• Internal triggers are driven by users’ emotions and associations stored in their memory.
  • Trying to rid oneself of negative emotions like boredom and loneliness are powerful triggers for using a particular product.
  • As a product relieves these negative emotions repeatedly, our mind subconsciously begins to associate it with this relief.
  • This gradually strengthens the bond with a product, resulting in the formation of a habit, e.g. our reliance on Facebook or Twitter for instant social connection.
  • Designing a habit-forming product requires an understanding of the emotions that are tied to these internal triggers, as well as knowledge of how external triggers can be used effectively to urge a user to perform a certain action.

Chapter 3: Action (Phase 2)

  • The Behavior Model developed by Dr. B.J. Fogg of Stanford University says that the user’s behavior (or action) depends on three prerequisites (B = MAT):
  • M — sufficient motivation
  • A — ability to perform a certain action
  • T — a trigger to prompt the action
  • Therefore, for a clear trigger to be effective, the user should be motivated enough and should be able to perform the action with minimal effect.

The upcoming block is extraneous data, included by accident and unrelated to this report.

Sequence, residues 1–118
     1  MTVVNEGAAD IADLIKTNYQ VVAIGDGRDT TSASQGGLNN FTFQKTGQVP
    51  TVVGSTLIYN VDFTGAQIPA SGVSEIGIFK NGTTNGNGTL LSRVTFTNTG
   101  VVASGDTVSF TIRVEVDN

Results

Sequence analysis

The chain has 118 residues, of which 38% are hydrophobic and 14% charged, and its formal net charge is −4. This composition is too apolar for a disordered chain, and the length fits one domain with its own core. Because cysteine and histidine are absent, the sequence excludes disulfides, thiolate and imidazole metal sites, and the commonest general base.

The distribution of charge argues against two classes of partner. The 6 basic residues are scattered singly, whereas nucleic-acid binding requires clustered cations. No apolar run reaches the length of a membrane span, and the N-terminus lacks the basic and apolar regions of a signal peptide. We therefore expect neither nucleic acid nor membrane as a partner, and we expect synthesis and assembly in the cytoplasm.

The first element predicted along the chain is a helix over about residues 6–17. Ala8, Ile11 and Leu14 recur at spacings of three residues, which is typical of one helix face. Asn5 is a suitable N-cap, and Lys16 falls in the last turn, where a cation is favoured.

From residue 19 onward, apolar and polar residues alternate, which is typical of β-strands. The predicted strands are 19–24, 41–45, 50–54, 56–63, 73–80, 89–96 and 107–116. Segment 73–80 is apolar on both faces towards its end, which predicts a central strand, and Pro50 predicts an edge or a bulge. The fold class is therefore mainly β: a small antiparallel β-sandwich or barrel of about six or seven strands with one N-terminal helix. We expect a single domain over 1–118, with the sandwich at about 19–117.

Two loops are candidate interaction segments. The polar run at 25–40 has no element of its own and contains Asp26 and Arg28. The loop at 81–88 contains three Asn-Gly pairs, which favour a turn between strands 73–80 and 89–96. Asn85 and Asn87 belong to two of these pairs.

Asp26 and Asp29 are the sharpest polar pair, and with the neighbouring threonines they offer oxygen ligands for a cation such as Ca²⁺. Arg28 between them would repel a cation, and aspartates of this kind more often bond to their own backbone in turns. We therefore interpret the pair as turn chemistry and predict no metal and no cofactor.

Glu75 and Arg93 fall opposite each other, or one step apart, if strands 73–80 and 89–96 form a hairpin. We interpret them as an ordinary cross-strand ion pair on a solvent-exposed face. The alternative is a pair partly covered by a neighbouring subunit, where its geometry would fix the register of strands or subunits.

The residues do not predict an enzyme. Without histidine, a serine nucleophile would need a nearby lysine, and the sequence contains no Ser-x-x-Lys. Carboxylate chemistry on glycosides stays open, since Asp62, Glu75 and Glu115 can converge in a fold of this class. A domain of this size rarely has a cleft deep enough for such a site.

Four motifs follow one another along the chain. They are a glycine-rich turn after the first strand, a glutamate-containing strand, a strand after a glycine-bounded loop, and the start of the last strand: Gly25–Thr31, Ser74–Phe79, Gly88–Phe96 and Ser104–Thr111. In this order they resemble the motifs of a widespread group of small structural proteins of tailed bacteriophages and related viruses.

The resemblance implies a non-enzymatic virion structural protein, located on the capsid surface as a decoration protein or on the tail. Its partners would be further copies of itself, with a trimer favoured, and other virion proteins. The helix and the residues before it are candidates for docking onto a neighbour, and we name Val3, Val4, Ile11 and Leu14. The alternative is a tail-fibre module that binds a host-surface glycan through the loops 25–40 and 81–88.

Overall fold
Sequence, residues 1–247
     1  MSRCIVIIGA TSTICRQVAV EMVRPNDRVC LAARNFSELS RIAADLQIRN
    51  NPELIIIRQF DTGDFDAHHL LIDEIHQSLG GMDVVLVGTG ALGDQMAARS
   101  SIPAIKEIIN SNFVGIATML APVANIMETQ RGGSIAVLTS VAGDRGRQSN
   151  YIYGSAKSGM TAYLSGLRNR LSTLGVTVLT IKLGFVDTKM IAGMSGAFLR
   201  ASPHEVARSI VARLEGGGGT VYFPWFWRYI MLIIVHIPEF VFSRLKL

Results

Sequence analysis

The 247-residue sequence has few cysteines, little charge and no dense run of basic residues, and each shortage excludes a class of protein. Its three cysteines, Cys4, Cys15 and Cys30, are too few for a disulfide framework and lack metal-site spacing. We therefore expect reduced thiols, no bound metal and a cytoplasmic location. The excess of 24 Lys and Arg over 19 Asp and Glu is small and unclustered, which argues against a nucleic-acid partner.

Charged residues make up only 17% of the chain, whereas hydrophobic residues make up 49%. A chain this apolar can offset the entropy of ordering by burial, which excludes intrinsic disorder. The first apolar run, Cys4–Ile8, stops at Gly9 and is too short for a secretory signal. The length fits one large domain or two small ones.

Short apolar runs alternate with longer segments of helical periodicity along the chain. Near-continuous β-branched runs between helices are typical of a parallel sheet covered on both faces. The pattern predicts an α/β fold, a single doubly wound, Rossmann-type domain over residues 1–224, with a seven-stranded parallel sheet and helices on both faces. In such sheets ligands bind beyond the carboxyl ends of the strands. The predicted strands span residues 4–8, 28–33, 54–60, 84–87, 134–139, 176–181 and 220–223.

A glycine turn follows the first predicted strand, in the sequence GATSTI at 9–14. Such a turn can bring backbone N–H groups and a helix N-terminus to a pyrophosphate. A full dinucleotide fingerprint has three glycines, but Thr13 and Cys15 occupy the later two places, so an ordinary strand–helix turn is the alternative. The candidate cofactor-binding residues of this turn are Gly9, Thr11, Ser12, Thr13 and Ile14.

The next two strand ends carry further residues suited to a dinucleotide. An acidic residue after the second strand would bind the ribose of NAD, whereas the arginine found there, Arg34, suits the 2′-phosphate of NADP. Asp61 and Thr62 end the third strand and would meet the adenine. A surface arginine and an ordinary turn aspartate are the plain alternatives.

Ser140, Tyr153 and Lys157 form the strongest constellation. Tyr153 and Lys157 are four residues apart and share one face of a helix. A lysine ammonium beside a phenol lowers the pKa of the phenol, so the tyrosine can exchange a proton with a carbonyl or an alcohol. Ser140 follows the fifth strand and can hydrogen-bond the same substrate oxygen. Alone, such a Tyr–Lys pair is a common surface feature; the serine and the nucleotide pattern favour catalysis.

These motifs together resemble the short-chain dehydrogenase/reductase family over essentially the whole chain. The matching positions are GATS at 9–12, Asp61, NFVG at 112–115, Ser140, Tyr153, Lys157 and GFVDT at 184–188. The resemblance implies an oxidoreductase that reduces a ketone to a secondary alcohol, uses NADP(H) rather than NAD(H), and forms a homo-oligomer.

What motivates people?

  • There are three Core Motivators that drive behavior in most humans:
  • Desire for pleasure and/or avoidance of pain, e.g. use of scantily clad models in print and TV ads acts as a motivator based on pleasure for certain demographics like teenage boys
  • Desire for hope and/or avoidance of fear, e.g. Barack Obama’s 2008 presidential campaign used the plank of hope to great success
  • Desire for social acceptance and/or avoidance of rejection, e.g. showing friends shown cheering for a sports team in a Budweiser ad makes people identify the product with getting together with friends to watch a game
  • One or more of these core motivators provide the motivation to a user to perform an action.

What factors moderate the ability of people?

  • Even when there is a successful trigger and a compelling enough motivation, a person needs to be able to perform an action. The easier it is to perform it, the greater is the likelihood of it becoming a habit, e.g. the boom in blogging in the 2000s after Blogger made it possible to open a blogging account within minutes or the ease of taking photos with an iPhone.
  • There are six elements of simplicity that have an effect on the ease-of-use of a product:
  • The time it takes to use it
  • The money it costs
  • The degree of physical effort involved
  • The level of mental labor needed
  • The product’s social acceptability
  • The degree to which it matches or disrupts current routines
  • The lower the time, money, physical effort or mental labor involved, or the more socially acceptable it is, or the least deviation it requires from a user’s existing routine, the easier it is for him to perform an action.
  • Consequently, the greater is the likelihood of the product becoming a habit.

How to increase motivation and ability?